Mostly filmed on high-def digital video (save for the archival footage) and presented anamorphically at the aspect ratio of 1.78:1, the film looks perfect here. There is no flicker, edge enhancement, or aliasing in sight, and though the film is lit and shot in a subdued way, everything looks vivid and crisp, all colors and darks solid, all skin tones natural.
This is not a film with a huge sound burden to fit into the confines of a home system of any kind, but it does have nice, clear, well-done sound, which comes through sparkling clear on the disc's Dolby Digital 2.0 stereo soundtrack.
--Five deleted scenes (17 min.), including one devoted even further to Steve Jobs (specifically to his mid-eighties nadir, when he was ejected from Apple), one on the burst of the dot-com bubble, and -- one that could have enriched the film significantly -- a bit where our venture capitalists speak forthrightly on the value of failure.
--An insert/guide to the film that offers a handy-dandy way to keep track of who's who among its entrepreneurs and venture capitalists.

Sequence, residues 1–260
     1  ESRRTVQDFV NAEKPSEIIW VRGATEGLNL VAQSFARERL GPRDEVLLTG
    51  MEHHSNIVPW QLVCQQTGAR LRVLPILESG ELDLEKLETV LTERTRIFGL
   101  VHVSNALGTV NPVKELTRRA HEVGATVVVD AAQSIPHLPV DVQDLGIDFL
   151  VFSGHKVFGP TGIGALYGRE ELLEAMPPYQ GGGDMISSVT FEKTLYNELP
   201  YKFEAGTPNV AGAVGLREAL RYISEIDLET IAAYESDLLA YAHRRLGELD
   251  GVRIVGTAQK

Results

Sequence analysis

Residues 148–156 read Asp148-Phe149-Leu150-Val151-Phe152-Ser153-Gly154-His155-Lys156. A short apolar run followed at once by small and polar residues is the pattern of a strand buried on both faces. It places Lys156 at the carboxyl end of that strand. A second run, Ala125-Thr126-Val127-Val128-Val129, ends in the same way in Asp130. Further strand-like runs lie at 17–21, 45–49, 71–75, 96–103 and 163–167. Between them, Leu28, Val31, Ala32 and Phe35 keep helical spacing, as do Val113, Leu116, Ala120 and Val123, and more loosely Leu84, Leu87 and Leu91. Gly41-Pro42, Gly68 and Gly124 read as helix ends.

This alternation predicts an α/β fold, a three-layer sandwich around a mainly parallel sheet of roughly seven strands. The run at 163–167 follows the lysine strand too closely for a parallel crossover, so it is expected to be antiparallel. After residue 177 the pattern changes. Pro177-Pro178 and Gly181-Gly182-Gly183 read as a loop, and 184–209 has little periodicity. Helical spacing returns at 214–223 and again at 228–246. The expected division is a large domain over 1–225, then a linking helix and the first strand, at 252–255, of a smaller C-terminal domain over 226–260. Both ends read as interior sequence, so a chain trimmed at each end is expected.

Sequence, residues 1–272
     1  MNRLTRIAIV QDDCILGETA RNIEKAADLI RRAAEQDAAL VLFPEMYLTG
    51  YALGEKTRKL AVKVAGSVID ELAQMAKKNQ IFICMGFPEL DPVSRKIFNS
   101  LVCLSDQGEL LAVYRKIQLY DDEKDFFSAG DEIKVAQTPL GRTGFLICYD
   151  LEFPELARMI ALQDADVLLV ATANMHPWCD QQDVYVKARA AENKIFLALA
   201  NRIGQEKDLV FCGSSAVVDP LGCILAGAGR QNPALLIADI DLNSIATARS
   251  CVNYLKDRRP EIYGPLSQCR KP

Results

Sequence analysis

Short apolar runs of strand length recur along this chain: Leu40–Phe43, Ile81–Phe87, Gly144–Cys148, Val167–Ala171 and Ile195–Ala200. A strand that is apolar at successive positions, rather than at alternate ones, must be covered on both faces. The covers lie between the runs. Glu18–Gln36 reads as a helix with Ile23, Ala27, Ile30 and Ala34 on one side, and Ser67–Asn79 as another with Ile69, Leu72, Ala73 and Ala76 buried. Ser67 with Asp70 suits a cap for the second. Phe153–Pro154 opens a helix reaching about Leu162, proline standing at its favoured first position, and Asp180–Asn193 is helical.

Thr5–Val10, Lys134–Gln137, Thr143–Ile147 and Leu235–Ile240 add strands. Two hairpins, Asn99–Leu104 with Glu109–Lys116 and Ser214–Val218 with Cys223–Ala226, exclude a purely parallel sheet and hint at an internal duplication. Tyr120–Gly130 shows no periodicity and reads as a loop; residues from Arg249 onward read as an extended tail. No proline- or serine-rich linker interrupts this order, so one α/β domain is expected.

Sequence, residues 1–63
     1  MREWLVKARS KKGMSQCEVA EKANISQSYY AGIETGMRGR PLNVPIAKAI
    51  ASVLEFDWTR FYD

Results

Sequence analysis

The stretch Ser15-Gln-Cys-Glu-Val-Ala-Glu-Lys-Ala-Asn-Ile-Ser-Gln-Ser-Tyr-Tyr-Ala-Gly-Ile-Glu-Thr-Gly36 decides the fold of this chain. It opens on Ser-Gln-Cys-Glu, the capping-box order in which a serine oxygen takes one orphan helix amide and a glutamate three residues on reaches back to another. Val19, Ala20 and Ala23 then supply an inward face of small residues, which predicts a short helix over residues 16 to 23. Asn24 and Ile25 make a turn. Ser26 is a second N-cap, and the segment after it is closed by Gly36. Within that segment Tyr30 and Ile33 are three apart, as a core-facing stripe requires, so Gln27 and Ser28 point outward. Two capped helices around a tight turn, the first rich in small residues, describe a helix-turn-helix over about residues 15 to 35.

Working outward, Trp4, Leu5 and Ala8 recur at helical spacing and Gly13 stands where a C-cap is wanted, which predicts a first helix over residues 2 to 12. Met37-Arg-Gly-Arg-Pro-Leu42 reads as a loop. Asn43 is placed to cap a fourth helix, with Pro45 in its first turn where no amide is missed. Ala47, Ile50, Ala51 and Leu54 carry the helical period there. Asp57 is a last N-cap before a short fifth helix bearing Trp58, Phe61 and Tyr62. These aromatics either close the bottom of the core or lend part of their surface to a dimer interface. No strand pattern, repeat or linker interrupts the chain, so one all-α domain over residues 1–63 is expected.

Rent It. Sometimes all the juiciness in the world can leave you unsatisfied, and Something Ventured is a case in point. It's not that its parade of entrepreneurs and the money wizards who financed them to success are without their charms (or at least kooky fascination) and their dramatic, involving stories to relate, but anyone who's paying attention knows that everything they have to talk about happened and continues to happen within a closed circuit of money, access, and specialized knowledge that's not only much more fragile than their uniquely profitable experiences might lead us to believe, but also inseparable from a bigger system of finance and economics which is currently the subject of much doubt relating to its ethicality and its actual value to anyone beyond a tiny group of people and their interests. The film is entertaining and enlightening enough, but watching it is like having the inner workings of a certain powerful, unfamiliar machine explained to you in well-articulated and graspable terms while leaving not only unresolved but virtually unraised the very real, pressing, much bigger questions the machine's very existence raises -- the ones about whether its properties and uses are more innately beneficial or inevitably and irredeemably destructive.